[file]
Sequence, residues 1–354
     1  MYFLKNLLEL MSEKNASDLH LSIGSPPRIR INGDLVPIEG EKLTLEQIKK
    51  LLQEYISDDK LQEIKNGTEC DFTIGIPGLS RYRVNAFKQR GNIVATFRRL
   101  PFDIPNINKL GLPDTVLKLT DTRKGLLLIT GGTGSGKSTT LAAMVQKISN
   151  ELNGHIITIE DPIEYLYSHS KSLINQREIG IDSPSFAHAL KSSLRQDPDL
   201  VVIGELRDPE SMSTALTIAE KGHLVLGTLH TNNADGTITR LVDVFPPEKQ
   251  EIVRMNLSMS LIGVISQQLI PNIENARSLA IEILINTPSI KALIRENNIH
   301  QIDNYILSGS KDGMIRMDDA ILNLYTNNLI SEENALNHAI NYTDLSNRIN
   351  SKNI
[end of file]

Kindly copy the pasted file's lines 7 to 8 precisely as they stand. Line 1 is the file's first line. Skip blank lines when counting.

   251  EIVRMNLSMS LIGVISQQLI PNIENARSLA IEILINTPSI KALIRENNIH
   301  QIDNYILSGS KDGMIRMDDA ILNLYTNNLI SEENALNHAI NYTDLSNRIN